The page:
Garden Gate – Recycled Heat Register Grill

garden gate

By Chet Zebroski

One of the things we’ve learned to enjoy over the years is seeing traditional architectural design merge with contemporary design aesthetics and production values. A lesson we learned from Barbara Winslow, while working at JSW, was her ability to honor traditional architecture while merging with our casual California atmosphere. She consistently brought into her designs recovered artifacts such as doors, panels, tiles, which would take a significant place in the new design. Her method reminds us of work from other artists who spend much of their time researching and learning traditional methods in order to evolve their newer concepts and techniques, merging the two.

With that in mind as we developed the gate to our rear yard, it was inevitable that something old would be within the new gate. In this case we discovered a beautiful rusty old heater grate and realized it would make the perfect peek-a-boo spot to see beyond.

recycled heat register grill

Enamored as we are by the combination of curved and squared shapes, the grate takes on an arch top frame to match the arched top of the gate which is surrounded in it’s squared frame.

To carry on with the aesthetic we used an iron locking door set instead of typical gate latch. The combination seems to have been made in heaven! Well, to some anyway!

garden gate handle

Respect, Recycle, Reuse is the catch phrase of the day for us. Not everything has to be brand new as we remodel our nest. We wish you happy hunting as you rummage through the many new venues warehousing these valuable artifacts for your next project!

Tightening Up the Envelope: Controlling Crawlspace Moisture

By Chet Zebroski

So, this is the first post in the Home area. I thought to share how we’re remodeling our home, bringing it up to date aesthetically and performance-wise.

We own a small ranch home in Marin County, just outside of San Francisco. We bought it because of it’s location and potential for improvements. The house sits on a keypoint in the hills facing East and water accumulation is a seasonal issue on our property.

One of the largest issues faced by designers in meeting California’s Energy 2020 goals are poorly performing existing buildings. We understand that conservation is one of the most powerful tools we have to meet that goal. Using our home as a source to share techniques and lessons learned seems logical.

We started with the building envelope, making sure insulation was in place and further tightening up the walls by sealing around outlets and other penetrations on the exterior skin. We discovered that we have R-19 batt insulation in the attic and R-11 blown-in cellulose insulation in the walls.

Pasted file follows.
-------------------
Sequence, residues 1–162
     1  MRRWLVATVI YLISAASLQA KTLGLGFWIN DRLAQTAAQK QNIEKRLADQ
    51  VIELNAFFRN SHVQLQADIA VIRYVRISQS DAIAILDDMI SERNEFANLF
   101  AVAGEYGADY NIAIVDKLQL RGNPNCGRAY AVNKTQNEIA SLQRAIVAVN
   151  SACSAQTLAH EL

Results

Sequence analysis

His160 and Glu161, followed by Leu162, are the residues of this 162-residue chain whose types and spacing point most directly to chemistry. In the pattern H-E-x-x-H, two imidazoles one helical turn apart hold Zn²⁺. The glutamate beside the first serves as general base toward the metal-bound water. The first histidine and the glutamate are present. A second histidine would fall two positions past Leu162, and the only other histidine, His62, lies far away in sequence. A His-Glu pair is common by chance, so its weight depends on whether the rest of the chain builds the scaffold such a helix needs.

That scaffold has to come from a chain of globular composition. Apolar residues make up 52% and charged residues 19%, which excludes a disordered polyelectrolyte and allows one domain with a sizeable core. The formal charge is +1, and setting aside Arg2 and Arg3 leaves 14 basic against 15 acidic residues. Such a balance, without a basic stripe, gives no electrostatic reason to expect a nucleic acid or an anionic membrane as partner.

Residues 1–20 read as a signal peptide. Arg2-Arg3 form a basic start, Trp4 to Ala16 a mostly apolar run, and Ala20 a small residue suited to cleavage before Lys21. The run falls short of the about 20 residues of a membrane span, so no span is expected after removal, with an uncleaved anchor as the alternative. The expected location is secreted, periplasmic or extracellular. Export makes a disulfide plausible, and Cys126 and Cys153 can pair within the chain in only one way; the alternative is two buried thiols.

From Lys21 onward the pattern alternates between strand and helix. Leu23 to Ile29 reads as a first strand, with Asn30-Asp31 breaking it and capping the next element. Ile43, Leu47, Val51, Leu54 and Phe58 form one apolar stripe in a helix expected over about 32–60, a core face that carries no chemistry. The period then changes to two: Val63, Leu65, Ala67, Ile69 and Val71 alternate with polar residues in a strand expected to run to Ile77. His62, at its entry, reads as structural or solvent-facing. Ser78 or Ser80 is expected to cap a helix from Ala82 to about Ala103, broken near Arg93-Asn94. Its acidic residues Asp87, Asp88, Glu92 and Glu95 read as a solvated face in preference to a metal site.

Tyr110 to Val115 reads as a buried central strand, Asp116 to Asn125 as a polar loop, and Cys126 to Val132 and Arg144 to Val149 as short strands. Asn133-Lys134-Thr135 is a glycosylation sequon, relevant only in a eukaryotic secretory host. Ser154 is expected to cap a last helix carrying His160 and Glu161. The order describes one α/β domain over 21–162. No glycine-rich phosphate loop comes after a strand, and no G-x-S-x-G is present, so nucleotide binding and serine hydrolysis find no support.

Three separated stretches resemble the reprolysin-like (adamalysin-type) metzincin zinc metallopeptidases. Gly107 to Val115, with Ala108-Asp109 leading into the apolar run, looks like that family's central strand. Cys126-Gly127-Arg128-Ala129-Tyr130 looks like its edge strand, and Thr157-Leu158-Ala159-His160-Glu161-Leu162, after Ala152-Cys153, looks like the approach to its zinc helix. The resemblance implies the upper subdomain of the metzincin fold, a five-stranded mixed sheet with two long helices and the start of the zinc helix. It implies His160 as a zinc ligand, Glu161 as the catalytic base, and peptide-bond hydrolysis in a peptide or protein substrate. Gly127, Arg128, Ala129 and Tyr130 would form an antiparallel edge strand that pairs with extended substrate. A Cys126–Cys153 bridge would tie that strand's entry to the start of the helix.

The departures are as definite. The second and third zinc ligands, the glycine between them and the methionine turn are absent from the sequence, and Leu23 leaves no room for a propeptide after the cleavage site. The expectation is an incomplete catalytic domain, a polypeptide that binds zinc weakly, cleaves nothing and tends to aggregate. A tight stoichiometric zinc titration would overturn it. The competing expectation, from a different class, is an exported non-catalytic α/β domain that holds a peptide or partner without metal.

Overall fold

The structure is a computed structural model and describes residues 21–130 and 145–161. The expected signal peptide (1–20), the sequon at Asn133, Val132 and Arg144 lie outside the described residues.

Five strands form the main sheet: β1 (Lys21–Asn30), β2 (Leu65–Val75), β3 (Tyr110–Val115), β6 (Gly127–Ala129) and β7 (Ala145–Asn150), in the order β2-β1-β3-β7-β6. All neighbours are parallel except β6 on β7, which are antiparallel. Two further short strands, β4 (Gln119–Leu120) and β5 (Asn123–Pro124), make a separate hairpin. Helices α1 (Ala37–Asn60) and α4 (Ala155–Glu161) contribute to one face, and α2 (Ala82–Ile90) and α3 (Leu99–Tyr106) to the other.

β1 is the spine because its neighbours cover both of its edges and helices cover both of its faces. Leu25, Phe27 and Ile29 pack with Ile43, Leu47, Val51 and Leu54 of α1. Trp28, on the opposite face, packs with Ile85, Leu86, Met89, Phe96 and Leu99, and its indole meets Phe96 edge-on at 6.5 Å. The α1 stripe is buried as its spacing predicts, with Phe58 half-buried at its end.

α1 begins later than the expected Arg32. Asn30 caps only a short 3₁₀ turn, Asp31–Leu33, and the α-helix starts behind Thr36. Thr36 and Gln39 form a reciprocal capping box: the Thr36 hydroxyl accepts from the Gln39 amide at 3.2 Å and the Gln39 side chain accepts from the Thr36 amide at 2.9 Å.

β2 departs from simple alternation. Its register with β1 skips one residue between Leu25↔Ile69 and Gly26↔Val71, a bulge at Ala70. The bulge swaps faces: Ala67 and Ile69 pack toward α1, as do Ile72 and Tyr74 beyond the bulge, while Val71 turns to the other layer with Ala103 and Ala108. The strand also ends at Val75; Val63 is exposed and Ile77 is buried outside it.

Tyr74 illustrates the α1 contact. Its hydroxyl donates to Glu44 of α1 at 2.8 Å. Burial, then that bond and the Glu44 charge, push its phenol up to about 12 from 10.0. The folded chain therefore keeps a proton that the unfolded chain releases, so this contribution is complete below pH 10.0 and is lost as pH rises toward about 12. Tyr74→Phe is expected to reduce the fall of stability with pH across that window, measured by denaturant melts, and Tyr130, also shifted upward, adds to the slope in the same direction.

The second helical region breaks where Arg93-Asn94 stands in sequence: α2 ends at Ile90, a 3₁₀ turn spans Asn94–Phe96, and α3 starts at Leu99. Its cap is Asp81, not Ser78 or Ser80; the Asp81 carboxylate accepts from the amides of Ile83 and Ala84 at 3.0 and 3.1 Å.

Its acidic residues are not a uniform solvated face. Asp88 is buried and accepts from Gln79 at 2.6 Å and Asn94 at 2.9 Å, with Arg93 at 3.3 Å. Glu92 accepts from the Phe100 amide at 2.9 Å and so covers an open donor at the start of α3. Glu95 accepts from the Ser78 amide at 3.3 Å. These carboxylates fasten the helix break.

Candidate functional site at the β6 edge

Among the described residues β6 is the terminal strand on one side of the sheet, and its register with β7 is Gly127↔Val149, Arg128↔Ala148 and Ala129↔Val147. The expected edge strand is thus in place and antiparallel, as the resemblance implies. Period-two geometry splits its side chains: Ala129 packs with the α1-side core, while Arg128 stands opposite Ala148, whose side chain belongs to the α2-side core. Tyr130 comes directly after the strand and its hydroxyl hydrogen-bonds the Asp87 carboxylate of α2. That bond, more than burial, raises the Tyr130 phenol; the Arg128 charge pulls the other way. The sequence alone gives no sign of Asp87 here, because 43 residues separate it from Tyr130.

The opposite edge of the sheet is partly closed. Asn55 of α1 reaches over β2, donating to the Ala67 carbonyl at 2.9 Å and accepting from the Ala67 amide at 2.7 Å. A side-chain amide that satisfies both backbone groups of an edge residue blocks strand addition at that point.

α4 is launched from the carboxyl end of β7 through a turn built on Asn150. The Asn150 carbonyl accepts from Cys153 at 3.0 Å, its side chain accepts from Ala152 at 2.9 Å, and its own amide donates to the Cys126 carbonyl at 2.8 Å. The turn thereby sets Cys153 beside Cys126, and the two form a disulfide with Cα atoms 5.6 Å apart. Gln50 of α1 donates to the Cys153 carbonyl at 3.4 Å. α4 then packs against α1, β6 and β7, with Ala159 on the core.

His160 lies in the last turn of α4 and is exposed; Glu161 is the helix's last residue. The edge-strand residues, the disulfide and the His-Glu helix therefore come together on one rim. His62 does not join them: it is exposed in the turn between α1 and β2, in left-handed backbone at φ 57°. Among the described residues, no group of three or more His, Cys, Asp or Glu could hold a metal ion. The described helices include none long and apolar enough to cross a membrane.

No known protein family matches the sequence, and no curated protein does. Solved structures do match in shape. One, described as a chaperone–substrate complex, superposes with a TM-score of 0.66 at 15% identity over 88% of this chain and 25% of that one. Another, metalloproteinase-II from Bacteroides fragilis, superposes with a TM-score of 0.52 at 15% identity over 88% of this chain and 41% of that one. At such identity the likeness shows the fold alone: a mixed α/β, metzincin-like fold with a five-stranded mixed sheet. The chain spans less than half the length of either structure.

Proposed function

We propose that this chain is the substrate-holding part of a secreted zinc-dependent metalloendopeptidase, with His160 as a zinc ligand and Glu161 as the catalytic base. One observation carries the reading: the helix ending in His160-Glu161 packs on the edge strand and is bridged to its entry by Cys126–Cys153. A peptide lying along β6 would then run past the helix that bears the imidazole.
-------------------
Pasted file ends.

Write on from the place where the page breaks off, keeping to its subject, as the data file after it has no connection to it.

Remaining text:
Then, we quickly turned our attention to the underfloor crawl space, addressing the water percolating up in our subfloor crawlspace. Water accumulation in a crawl space can cause many structural and health issues if not resolved. For this property, we knew we had to somehow alleviate that potential. Consider that when these wet conditions are active, vapor pressure will force the moisture into the house through any means available increasing humidity inside bringing along with it potential health issues.

We hired Foster Pump for the consultation, solution, and installation. After reviewing the situation, they recommended creating channels around the inside perimeter of the foundation and midpoints guiding the seeping water to a sump pump. The solution would include a continuous pool cover as the vapor barrier , covering the entire crawlspace, in case water accumulates above the channels. If so, the barrier will rise with it. When the water reaches the sump pump, a float triggers the action and water is directed to the curb/gutter via a 1.5″ diameter pipe.

They also recommended a continuous sub-drain around the exterior perimeter of the house, but that was just too expensive for us. Plus, we had concerns that even with the continuous exterior sub-drain, water would still percolate at the midpoints in the crawlspace. So, we decided to place the interior work first to discover how it would perform.

I have a few pictures to share of this primary performance remedy below. The application of the channels, vapor barrier, and pump made a radical improvement on interior humidity levels and reduced the amount of condensation that accumulated on our single pane aluminum windows to near zero. It is doubtful that we will be adding a perimeter drain system because the water intrusion seems to be under control.

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